The Barriers of Gender-Equal Work-Family Reconciliation in Japan

Thursday, 19 July 2018: 11:00
Oral Presentation
Yukiko SENDA, Tohoku-Gakuin University, Japan
The increase of women with a high educational background is one of the drivers in the increase of their workforce participation and breaks the ideology of the gender division of labor. It brings about the legislation of work-family balance in policy and promotes men’s participation in domestic duties, which actualizes a gender-equal society.

This study investigates whether this is also true for Japan per government statistics, surveys, and notices. They show the following: the labor participation of the productive female population increases; the female workforce utilization is polarizing among workplaces; the work hours of regular employees are quite long, especially in their 20s and 30s; singlehood increases while childbearing decreases; more women view their life course pattern as “to marry, to have a child, but to continue working”; the ratio of woman continuing to work before and after their first childbirth rises after 2010; half of all people are affirmative of the gender division of labor, even today; and the government is actively helping women balance work and family but is negative about helping men to do so.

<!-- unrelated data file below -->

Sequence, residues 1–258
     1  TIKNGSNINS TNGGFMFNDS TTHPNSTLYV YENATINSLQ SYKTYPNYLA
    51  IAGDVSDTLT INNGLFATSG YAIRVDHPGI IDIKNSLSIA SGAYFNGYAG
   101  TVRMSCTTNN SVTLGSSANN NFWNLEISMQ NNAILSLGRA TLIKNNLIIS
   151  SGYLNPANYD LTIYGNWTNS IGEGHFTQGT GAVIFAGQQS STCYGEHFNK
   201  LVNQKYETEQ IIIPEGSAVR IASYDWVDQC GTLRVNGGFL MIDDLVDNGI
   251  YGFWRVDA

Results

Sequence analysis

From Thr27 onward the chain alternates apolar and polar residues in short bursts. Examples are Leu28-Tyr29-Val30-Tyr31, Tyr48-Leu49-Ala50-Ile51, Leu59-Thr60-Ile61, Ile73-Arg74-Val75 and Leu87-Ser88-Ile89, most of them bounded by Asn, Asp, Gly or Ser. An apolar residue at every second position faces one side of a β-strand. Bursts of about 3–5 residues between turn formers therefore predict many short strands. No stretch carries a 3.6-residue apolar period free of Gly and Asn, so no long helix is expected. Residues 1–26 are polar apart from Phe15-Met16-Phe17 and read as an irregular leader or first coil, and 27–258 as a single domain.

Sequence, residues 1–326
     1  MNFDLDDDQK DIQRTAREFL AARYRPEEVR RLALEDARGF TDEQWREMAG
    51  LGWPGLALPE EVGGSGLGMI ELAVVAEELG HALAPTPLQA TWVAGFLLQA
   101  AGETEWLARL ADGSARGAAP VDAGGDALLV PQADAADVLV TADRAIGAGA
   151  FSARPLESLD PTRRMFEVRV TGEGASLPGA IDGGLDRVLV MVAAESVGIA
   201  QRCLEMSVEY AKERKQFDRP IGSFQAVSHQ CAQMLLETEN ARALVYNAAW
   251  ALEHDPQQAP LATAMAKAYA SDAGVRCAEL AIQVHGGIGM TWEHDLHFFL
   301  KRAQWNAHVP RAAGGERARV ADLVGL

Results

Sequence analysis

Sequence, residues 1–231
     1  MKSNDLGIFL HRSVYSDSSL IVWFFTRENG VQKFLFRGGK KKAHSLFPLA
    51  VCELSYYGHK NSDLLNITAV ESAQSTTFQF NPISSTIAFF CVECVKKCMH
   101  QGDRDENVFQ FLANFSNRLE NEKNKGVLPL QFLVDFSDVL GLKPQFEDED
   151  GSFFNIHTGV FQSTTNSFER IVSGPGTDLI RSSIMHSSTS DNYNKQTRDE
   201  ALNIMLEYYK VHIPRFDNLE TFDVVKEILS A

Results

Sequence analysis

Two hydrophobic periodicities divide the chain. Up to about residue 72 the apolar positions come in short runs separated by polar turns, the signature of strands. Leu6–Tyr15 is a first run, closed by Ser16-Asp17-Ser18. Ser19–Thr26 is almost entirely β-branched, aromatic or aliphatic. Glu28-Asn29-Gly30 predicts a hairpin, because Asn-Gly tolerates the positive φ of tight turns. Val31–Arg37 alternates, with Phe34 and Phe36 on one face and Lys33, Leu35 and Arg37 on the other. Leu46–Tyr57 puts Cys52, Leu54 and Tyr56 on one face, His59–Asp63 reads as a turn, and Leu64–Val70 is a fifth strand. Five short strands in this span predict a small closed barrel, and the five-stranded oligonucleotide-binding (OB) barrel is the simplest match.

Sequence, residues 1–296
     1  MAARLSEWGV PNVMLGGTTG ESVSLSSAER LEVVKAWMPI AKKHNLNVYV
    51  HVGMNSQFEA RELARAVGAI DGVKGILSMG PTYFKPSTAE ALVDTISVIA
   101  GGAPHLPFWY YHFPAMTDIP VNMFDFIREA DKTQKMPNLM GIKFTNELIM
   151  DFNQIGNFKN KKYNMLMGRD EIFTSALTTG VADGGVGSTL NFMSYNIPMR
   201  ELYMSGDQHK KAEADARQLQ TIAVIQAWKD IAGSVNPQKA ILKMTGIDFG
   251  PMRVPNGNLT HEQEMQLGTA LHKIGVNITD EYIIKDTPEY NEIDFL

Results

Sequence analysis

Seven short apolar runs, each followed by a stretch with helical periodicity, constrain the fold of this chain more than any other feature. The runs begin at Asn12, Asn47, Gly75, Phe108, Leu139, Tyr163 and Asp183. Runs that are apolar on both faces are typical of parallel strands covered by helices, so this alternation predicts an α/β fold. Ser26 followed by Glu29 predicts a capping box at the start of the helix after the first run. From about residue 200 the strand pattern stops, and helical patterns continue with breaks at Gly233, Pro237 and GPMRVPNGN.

In summary, the ideology of gender division of labor by both policy makers and the general public as well as the long hours of work are the two main barriers that interact with each other to actualize a gender-equal work-family reconciliation in Japan. To access better opportunities, employees have to show their eagerness by working long hours, while there is no establishment of measures to cut long work hours on the policy side. Additionally, the work-family reconciliation policies are mostly directed at and utilized by women. Wives often spontaneously give up promotions, move to a “mommy track”, or quit working entirely after childbirth to balance their work and family because they give priority to their husbands’ career formation.